Monday, January 02, 2006

Pathology of Dry Eye Disease

Histopathology of the human corneal surface in dry eye disease.
All of the current studies cite Sjogren’s original work from 1933 in which he shows multiple photographs from a single autopsy eye of unstated post mortem time that features pathologic changes of epithelial bullae, denudation and thinning. Incredibly, only a single case report exists as to the histology of the human cornea in early dry eye disease by Sjogren in 1933. Sjogren showed multiple photomicrographs from a single cornea of one autopsied patient. The findings of epithelial denudation, epithelial thinning and epithelial bullae are featured. Sjogren’s findings have a striking similarity to bullous keratopathy that may occur for a number of reasons. The patients with bullous keratopathy have similar symptoms as those of dry eye patient. In dry eye disease, particularly meibomian gland dysfunction, the epithelial surface is frequently altered by punctate erosive defects (McCulley 1982). Indeed, the objective criteria for the clinical diagnosis of dry eye disease include the presence of epithelial defects as seen by fluorescein staining and abnormal epithelial cells as indicated by Rose Bengal staining of the cornea (Nichols 2004, McCulley 1982, Sharma 1993, Doane 1994, Golding 1997, Tseng 1995), 64, 67). There is no information on Bowman’s layer abnormalities in early dry eye disease because it cannot be visualized by slit lamp examination and it's resolution is poor with confocal laser microscopy.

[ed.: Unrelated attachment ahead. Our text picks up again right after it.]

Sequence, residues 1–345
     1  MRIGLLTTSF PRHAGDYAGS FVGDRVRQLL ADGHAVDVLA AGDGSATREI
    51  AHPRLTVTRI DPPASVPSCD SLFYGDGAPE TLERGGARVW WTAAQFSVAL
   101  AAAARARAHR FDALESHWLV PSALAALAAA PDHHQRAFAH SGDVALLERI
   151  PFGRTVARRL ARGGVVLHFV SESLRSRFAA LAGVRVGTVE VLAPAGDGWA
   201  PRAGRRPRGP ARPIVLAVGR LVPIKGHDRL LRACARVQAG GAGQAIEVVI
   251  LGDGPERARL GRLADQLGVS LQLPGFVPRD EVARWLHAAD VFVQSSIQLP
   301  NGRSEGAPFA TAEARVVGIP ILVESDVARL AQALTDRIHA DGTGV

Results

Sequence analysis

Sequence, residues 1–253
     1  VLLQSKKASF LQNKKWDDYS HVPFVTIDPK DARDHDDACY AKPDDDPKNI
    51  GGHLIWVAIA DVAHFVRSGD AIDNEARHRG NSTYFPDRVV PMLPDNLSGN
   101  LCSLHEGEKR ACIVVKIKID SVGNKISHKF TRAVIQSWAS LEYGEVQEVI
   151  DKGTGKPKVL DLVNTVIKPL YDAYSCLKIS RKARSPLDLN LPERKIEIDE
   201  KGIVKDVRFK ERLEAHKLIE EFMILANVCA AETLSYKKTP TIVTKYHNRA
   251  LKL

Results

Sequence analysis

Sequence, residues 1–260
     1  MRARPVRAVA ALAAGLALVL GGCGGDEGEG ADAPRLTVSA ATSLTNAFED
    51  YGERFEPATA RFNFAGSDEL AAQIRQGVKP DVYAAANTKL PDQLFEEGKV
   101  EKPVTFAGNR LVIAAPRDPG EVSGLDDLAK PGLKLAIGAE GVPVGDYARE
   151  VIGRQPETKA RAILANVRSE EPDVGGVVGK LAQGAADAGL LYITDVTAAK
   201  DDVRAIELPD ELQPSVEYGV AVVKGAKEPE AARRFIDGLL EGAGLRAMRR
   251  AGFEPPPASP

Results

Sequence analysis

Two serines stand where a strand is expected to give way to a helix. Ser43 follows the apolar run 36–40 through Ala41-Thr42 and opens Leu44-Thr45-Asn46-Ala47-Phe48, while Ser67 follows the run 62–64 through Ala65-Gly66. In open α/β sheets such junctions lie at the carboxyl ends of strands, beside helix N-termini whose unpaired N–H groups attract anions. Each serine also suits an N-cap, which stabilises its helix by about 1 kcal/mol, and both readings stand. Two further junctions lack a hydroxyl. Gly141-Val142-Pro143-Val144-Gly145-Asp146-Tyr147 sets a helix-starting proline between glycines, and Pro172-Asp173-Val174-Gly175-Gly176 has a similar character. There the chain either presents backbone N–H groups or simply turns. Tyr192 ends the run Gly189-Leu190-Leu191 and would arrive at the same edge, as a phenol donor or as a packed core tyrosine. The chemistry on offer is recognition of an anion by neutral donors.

The histopathology of the conjunctiva is much better delineated. In Sjogren's syndrome, Koufakis et al. IOVS 2006 have demonstrated a reduction in the number of microvilli in the conjunctiva, a diminution in the height/width ratio, reduced width of microvilli and fewer secretory granules within the apical epithelium compared to controls. These findings may be secondary to the process but nonetheless document an abnormal surface in patient with Sjogren's syndrome.

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